Conclusions

Final Conclusions

By 1923 the Poles and the Jews were increasing to the degree that they comprised nine tenths of the Kingdom while the Germans and the Lithuanians were decreasing. In all the governments except the northern half of Suwalki the Poles exceeded 75% of the population in 1897, and they were “assuredly over 80% in 1923.” By 1910 after many Germans had left the country, the Kingdom contained the following people:

Peoples of the Kingdom of Poland by 1910

Poles 10 million 82%
Jews 1,100,000 13%
Germans 200,000 2%
Lithuanians 300,000 3%
Ruthenians 20,000 0%

In the Government of Suwalki the population also showed a decrease of Protestants. 1

Protestants in Suwalki in 1910

Population 1909
Wylkowiszki 80,744
Maryampol 113,117

% Protestants in 1893
Wyl 17.2%
Mar 5.4%

% Protestants in 1909
Wyl 16.2%
Mar 5.4

Increase
Wyl -1%
Mar —

The exodus of Russian officials and German colonists, an eight percent increase in Polish population, and the highest birthrate in Europe, helped the Poles recapture their proper status in the world.
Epilogue

The above information was compiled from the Polish perspective as one of the most specific records about the people who populated the Government of Suwalki during the time the -at families lived there. They were a very small German Lutheran minority in an otherwise predominantly Polish Roman Catholic country. Their government required them to keep their records in Polish and later in Russian. Some personal information was recorded in German as evidenced through confirmation records in church books and in marriage records kept by the family members.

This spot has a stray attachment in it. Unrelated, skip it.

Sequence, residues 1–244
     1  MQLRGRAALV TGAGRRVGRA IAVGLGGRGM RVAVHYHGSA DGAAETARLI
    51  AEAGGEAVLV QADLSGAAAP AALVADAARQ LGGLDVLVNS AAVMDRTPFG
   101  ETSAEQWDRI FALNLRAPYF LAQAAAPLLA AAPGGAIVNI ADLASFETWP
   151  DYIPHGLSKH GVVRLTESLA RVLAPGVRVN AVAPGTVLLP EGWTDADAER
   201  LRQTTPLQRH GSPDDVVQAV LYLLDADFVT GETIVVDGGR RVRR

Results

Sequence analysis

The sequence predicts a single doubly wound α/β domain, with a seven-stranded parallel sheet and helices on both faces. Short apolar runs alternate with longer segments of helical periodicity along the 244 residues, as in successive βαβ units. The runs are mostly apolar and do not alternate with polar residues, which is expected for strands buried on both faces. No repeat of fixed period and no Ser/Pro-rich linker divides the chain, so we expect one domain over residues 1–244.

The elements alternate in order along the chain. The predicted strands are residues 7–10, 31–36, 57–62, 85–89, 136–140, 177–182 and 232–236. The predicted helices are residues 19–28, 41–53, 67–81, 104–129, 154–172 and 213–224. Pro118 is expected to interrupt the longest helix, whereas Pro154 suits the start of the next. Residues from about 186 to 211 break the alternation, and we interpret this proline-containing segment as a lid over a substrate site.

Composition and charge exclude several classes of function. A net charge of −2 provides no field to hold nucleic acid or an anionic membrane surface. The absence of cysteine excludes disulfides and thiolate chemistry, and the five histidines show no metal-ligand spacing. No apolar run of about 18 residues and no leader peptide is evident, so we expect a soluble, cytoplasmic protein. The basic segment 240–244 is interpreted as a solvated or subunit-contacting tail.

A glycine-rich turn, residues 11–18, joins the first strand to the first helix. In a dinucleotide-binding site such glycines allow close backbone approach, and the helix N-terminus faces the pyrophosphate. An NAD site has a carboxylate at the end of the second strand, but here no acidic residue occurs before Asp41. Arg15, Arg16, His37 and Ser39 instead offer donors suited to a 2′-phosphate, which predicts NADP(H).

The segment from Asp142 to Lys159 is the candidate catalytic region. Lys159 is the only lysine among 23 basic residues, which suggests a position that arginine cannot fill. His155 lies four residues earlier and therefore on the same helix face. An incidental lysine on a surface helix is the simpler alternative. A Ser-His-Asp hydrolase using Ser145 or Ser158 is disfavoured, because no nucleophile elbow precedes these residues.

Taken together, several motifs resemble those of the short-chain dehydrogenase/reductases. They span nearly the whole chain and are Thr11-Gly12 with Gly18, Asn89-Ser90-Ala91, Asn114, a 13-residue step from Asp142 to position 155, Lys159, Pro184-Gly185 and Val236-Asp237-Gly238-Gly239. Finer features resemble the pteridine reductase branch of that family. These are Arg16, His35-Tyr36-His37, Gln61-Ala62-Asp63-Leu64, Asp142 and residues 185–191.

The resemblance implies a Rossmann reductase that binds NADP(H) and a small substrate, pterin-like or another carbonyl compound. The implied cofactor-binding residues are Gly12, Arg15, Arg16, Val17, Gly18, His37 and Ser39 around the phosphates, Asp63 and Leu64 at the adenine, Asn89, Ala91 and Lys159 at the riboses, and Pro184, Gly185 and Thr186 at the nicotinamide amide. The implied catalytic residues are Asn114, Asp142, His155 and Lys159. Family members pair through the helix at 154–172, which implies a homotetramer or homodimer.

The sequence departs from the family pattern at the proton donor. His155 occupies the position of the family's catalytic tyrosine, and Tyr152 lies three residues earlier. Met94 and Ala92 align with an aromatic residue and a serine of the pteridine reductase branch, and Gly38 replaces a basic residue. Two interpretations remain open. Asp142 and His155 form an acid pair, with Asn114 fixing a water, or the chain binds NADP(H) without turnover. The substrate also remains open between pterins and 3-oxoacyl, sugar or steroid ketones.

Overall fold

When these –at families arrived in what became known as the Government of Suwalki remains unknown. Most of the widely scattered German colonies were “of recent date.” The data from the Polish Encyclopaedia of 1923 suggests that they were probably “colonists” from East Prussia.

1

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About suwalkigermans

I started family research in 1993. My first two books focused on my maternal grandparents. Both families came from Kreis Rosenberg, West Prussia, to Big Rapids, Michigan. I left the Spurgats from Wylkowiszki in the Russian Empire as the third book because of the difficult and challenging research it required. After I published the book in 2010, I wondered what to do next. I thought I might try to share some of my research with others and maybe at the same time, by going digital, someone would find me. When you read the comments, you will see that happened. The best part of all this is helping others.
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